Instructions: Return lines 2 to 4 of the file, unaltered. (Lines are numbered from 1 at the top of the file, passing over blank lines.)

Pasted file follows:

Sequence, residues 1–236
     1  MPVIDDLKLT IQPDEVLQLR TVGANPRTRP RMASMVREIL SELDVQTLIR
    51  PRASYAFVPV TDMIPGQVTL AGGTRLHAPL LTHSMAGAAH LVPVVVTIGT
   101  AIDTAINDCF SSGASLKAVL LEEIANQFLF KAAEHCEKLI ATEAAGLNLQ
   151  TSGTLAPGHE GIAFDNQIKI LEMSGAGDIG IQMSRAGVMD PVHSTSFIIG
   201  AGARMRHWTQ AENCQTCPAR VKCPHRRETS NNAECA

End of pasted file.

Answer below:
     1  MPVIDDLKLT IQPDEVLQLR TVGANPRTRP RMASMVREIL SELDVQTLIR
    51  PRASYAFVPV TDMIPGQVTL AGGTRLHAPL LTHSMAGAAH LVPVVVTIGT
   101  AIDTAINDCF SSGASLKAVL LEEIANQFLF KAAEHCEKLI ATEAAGLNLQ